• -k password-file : Set a filter key on a /etc/passwd file (watch). The password-file is a filterkey (string of text that can be up to 31 bytes long). It can uniquely identify the audit records produced by the watch. You need to use password-file string or phrase while searching audit logs.

In short you are monitoring (read as watching) a /etc/passwd file for anyone (including syscall) that may perform a write, append or read operation on a file.

Wait for some time or as a normal user run command as follows:$ grep 'something' /etc/passwd$ vi /etc/passwd

Following are more examples:

File System audit rules

Add a watch on “/etc/shadow” with the arbitrary filterkey “shadow-file” that generates records for “reads, writes, executes, and appends” on “shadow”

# auditctl -w /etc/shadow -k shadow-file -p rwxa

syscall audit rule

The next rule suppresses auditing for mount syscall exits# auditctl -a exit,never -S mount

File system audit rule

Add a watch “tmp” with a NULL filterkey that generates records “executes” on “/tmp” (good for a webserver)

# auditctl -w /tmp -p e -k webserver-watch-tmp

syscall audit rule using pid

To see all syscalls made by a program called sshd (pid - 1005):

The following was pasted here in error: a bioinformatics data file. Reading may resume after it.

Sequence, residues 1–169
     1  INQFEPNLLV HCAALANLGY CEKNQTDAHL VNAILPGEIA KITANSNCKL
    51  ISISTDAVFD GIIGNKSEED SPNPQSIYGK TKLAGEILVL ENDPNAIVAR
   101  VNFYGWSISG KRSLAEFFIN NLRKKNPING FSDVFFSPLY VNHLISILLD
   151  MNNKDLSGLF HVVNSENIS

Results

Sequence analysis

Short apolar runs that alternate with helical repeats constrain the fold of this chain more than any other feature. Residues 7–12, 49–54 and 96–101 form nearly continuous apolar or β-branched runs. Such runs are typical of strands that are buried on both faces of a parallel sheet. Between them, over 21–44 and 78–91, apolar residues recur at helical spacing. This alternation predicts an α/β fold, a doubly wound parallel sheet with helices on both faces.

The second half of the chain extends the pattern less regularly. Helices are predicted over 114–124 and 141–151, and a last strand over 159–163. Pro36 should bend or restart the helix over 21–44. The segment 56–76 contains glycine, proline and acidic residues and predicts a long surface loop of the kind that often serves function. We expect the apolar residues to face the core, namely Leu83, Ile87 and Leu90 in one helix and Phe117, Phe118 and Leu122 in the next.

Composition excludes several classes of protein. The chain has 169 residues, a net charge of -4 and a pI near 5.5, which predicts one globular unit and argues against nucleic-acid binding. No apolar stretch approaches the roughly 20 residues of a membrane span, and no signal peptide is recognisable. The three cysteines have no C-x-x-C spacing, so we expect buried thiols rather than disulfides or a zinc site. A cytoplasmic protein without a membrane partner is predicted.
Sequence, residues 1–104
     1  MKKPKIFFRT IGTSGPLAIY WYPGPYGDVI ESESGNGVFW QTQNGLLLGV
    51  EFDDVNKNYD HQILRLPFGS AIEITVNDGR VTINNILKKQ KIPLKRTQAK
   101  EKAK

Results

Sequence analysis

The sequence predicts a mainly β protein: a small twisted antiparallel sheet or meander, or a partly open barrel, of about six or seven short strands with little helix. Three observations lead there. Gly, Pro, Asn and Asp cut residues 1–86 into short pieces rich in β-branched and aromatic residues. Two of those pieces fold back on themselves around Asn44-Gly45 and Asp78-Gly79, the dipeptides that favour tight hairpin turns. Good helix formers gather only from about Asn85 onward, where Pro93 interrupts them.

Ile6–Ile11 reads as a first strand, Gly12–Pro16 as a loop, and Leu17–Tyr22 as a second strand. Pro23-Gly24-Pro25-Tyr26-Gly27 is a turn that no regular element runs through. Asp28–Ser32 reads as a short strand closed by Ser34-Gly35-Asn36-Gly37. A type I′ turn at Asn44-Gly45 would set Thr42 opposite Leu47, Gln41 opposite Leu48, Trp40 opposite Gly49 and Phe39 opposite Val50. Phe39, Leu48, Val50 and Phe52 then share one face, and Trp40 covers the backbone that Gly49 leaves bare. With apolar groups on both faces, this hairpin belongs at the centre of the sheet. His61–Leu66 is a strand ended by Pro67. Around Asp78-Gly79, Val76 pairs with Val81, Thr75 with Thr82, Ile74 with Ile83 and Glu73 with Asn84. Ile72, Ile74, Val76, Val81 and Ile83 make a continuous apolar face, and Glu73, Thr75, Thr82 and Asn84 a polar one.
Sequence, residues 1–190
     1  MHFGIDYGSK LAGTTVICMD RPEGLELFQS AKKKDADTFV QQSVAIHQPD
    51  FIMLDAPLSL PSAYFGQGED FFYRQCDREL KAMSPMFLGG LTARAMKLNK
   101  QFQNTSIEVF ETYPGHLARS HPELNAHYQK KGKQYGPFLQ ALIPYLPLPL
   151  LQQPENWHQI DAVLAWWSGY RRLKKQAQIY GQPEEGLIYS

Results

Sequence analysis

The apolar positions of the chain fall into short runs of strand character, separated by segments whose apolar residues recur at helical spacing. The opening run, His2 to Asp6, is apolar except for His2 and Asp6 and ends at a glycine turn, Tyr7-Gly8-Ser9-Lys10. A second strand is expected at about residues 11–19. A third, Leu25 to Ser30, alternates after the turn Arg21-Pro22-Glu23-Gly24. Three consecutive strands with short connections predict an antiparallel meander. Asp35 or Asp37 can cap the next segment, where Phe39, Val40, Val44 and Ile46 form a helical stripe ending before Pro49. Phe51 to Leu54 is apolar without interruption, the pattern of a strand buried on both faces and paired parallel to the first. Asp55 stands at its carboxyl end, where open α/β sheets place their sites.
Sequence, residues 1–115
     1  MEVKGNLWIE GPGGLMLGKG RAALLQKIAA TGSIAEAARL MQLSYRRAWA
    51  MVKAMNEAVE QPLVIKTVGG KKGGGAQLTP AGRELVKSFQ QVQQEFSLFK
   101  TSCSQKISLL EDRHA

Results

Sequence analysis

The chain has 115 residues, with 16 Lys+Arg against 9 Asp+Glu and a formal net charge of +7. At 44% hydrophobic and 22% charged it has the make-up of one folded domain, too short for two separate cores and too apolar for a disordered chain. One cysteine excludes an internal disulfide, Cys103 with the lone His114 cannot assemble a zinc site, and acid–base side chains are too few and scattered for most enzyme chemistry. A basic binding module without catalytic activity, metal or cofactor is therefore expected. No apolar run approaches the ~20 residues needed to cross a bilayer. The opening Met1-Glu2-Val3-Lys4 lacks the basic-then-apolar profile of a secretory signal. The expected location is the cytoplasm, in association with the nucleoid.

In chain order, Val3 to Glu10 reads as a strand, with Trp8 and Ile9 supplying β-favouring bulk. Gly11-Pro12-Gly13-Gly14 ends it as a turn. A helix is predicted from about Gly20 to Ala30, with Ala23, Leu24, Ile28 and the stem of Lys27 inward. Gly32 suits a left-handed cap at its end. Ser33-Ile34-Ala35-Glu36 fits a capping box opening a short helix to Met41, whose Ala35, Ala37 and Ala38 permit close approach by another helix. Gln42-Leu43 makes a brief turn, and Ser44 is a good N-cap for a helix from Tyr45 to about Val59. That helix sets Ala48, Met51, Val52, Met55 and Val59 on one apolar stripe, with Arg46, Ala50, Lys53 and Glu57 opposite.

# auditctl -a entry,always -S all -F pid=1005

How do I find out who changed or accessed a file /etc/passwd?

Use ausearch command as follows:

# ausearch -f /etc/passwd
# ausearch -f /etc/passwd | less
# ausearch -f /etc/passwd -i | less


  • -f /etc/passwd : Only search for this file
  • -i : Interpret numeric entities into text. For example, uid is converted to account name.


type=PATH msg=audit(03/16/2007 14:52:59.985:55) : name=/etc/passwd flags=follow,open inode=23087346 dev=08:02 mode=file,644 ouid=root ogid=root rdev=00:00
type=CWD msg=audit(03/16/2007 14:52:59.985:55) :  cwd=/webroot/home/lighttpd
type=FS_INODE msg=audit(03/16/2007 14:52:59.985:55) : inode=23087346 inode_uid=root inode_gid=root inode_dev=08:02 inode_rdev=00:00
type=FS_WATCH msg=audit(03/16/2007 14:52:59.985:55) : watch_inode=23087346 watch=passwd filterkey=password-file perm=read,write,append perm_mask=read
type=SYSCALL msg=audit(03/16/2007 14:52:59.985:55) : arch=x86_64 syscall=open success=yes exit=3 a0=7fbffffcb4 a1=0 a2=2 a3=6171d0 items=1 pid=12551 auid=unknown(4294967295) uid=lighttpd gid=lighttpd euid=lighttpd suid=lighttpd fsuid=lighttpd egid=lighttpd sgid=lighttpd fsgid=lighttpd comm=grep exe=/bin/grep

Let us try to understand output

  • audit(03/16/2007 14:52:59.985:55) : Audit log time
  • uid=lighttpd gid=lighttpd : User ids in numerical format. By passing -i option to command you can convert most of numeric data to human readable format. In our example user is lighttpd used grep command to open a file